Plumber’s tape can have many uses in your dental practice.

One product that is really inexpensive and useful to have around your dental practice is plumber’s tape. You can buy it for a few dollars at the local Canadian Tire or hardware store and it can be very handy for isolation.

If you look at the pictures attached to this post I have isolated the adjacent teeth with plumber’s tape so I can etch and bond the veneer preparations without damaging the adjacent teeth. This isolation technique prevents etchant and adhesive from contaminating the adjacent tooth structure, which can lead to bonding these teeth together when you insert the veneers.

Another use for plumber’s tape is to isolate the screw holes for screw retained provisional implant crowns like the ones in my exclusive video, How To Create A Custom Implant Transfer For Esthetic Implant Cases. In a case like the one in the video the plumber’s tape is used to prevent the cement or composite resin from clogging up the abutment screws and make it difficult to remove or tighten them at a later date. This can be very useful when you have provisional implant crowns that need to be removed one or two times to refine the esthetics before the completion of the case.

With the plumber’s tape you can screw the provisional into place and insert the rolled up plumber’s tape over the abutment screw and then seal the access with composite resin. When you need to remove the provisional all you need to do is drill out the composite resin to the level of the plumbers tape and then remove the plumber’s tape with a probe or explorer.

I used cotton pellets for this technique for years but I now find that the plumber’s tape is a cleaner and easier way to handle these cases.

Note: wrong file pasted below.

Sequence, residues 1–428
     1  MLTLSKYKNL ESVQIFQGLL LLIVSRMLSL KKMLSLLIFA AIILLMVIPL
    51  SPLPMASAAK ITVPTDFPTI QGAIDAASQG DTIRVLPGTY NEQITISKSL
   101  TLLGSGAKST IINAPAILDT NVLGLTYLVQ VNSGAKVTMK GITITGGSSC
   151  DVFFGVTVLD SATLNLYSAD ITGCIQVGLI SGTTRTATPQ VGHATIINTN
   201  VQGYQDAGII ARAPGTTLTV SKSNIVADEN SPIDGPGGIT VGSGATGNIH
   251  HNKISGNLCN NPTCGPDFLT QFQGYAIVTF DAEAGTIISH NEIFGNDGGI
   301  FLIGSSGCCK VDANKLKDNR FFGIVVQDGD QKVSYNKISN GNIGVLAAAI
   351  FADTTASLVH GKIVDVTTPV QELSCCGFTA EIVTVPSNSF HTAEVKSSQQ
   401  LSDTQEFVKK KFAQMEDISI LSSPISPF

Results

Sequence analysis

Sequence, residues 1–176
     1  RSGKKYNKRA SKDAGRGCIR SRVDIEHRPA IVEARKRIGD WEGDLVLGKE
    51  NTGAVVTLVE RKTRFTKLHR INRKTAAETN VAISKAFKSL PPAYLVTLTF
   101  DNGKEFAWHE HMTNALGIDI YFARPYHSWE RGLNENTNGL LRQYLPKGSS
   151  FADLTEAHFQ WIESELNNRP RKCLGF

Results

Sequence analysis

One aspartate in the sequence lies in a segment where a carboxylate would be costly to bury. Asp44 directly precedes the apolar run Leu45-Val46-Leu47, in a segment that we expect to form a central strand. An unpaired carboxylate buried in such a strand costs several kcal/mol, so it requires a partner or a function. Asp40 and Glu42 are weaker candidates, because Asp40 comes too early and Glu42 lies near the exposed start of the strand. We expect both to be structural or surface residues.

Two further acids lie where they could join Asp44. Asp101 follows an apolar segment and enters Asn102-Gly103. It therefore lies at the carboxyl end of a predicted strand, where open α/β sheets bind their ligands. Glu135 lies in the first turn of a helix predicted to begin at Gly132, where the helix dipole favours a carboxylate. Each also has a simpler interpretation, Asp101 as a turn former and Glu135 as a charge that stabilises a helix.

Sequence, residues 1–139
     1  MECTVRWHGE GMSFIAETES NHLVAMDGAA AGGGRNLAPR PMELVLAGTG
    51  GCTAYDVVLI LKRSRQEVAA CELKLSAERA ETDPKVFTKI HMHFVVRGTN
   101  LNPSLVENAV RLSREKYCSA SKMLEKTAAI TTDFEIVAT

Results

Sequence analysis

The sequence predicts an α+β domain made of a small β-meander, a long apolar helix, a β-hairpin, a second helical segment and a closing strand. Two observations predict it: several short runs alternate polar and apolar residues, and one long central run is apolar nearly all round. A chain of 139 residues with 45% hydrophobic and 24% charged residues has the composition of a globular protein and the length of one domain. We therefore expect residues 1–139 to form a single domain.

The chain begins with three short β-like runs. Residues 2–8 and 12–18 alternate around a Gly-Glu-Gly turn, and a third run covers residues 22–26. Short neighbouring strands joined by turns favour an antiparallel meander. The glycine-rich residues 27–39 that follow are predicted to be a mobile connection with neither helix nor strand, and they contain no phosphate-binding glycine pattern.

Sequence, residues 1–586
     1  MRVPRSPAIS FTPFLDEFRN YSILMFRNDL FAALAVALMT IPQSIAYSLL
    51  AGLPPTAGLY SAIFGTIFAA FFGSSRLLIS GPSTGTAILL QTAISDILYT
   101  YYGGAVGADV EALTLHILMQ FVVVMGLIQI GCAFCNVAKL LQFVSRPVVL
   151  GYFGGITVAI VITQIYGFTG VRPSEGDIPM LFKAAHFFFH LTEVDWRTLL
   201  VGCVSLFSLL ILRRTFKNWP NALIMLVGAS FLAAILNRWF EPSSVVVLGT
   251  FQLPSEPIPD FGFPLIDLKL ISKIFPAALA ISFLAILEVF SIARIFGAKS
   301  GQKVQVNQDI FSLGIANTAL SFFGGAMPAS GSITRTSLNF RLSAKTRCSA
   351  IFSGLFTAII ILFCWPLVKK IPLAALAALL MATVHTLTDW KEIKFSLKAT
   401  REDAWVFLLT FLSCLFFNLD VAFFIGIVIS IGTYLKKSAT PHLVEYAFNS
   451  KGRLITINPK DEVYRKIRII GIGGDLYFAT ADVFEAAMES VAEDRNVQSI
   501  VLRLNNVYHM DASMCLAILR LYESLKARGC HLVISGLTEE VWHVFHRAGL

Do you have any other ways you use Plumber’s tape in your practice?
Feel free to add any comments or questions using the link above.

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Post comments (11)
  1. thiết bị chuyển nhiệt on August 27, 2018

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  2. Leila on November 12, 2016

    My brother recommended I might like this blog. He was once totally right.
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  3. Andrew Coburn on January 28, 2011

    Thanks for the question Allan and the answer Stephen! I had expereinced the same issue and had not come up with the answer!

  4. Dr. Allan Coopersmith on January 20, 2011

    what is the best way to remove the tape after you have bonded? It is so thin that it tears when you try to remove it and some stays interproximately.Repeated flossing helps but is there a better solution?

    • Dr. Kurt Sawula on January 20, 2011

      How do you prevent the tape from getting pulled out with the high volume suction when you’re rinsing your etch?

    • Dr Stephen Phelan on January 20, 2011

      Hi Kurt,

      That is a great question. I usually try and wrap it around the adjacent teeth so it is locked on but if that can’t be done we hold it down with an explorer or probe.

    • Dr Stephen Phelan on January 20, 2011

      Hi Allan,

      That is a great point. I should make this an actual blog post but a tip I forgot to mention is that if you are using bonding resin next to plumbers tape you will often make it very sticky and hard to remove once you place your composite restoration. What I have found works is if you remove the plumbers tape after you have cured your adhesive and place fresh plumbers tape, the fresh tape will not tend to stick to the composite resin as much and you can remove it easier.
      I hope this helps and thanks for the great question.

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